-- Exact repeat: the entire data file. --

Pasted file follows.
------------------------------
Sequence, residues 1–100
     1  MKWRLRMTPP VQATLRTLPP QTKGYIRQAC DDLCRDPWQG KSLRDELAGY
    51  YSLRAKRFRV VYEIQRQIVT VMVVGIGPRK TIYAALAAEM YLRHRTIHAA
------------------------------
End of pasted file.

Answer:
Sequence, residues 1–100
     1  MKWRLRMTPP VQATLRTLPP QTKGYIRQAC DDLCRDPWQG KSLRDELAGY
    51  YSLRAKRFRV VYEIQRQIVT VMVVGIGPRK TIYAALAAEM YLRHRTIHAA